When he apologized for molesting them, his 2 victims bolted from Gulfport courtroom

Ernesto R. Martinez
Ernesto R. Martinez

She was nine years old and her father had just died the first time family friend Ernesto R. Martinez, who was in his 50s, molested her.

He did the same to her cousin, who was 13 when the abuse started.

Over several years, until December 2016, Martinez rubbed his hands on the breasts of both girls, penetrated them vaginally and did other things that never came up Tuesday in court, as Circuit Court Judge Lisa Dodson noted at the end of Martinez's plea hearing.

Both girls and their families were in the courtroom when Martinez, now 57, pleaded guilty to one count of touching a child for lustful purposes and one count of the more serious crime of sexual battery. Dodson sentenced him to life in prison.

She said the remorse he showed sat on one side of the scales of justice.

"On the other side of that scale are two young ladies who were victimized not once, not twice but for years by you," Dodson added.

Martinez also had been convicted of a sex crime against a child in Texas back in 1986, but served only four months in jail before he was released on probation. He was not required then to register as a sex offender.

The girls met him through a relative, whom Martinez was dating. The girls frequently spent the night with the relative. They told their parents about the molestation only after the relative broke up with Martinez, who had been accepted as a member of the family.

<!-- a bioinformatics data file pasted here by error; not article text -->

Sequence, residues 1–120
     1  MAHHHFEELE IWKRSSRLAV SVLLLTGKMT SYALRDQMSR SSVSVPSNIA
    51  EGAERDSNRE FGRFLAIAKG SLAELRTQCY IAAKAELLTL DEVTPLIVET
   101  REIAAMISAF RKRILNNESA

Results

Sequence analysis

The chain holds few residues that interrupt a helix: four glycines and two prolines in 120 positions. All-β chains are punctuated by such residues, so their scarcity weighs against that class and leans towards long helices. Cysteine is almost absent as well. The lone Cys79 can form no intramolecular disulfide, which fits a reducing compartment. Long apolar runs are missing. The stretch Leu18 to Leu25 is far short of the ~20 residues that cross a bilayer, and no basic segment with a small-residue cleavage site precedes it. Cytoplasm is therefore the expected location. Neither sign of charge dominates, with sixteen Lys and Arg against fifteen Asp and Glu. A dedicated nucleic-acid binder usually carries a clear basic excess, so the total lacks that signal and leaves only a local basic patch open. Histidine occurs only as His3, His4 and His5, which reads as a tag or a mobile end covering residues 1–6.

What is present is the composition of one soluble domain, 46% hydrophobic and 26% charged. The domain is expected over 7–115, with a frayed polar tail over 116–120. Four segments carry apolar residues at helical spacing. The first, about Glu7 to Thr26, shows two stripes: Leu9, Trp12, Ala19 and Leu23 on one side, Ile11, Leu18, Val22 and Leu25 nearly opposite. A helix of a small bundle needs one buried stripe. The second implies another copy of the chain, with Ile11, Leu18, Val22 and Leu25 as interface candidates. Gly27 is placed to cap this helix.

Both girls wrote letters that they asked prosecutor Alison Baker read in court. The youngest, referred to as L.M., said in part: "You made me feel like girls were just pretty faces. But now I know that I can make a difference in the world. I'm going to rise from this. I'm strong. You can't hurt me anymore."

The older girl, S.W., who was 13 when Martinez first molested her, wrote, "When I was a little girl, Ernesto Martinez took most of my childhood . . . This man was brought into my life as a grandfather figure. I trusted him . . .

"My trust was broken . . . My childhood was taken away and I am still recovering from this every day."

Martinez told the judge that he wanted to apologize and asked permission to face the family. He turned to them in the courtroom.

"I am so sorry," he said. "I don't even know where to start. I love y'all very much. I'm so sorry. "

Both the girls rose from their seats and bolted from the courtroom as Martinez spoke.

"Turn back around, Mr. Martinez," Dodson told him. "I don't believe they want to hear from you."

Anita Lee can be reached at 228-896-2331or @CAnitaLee1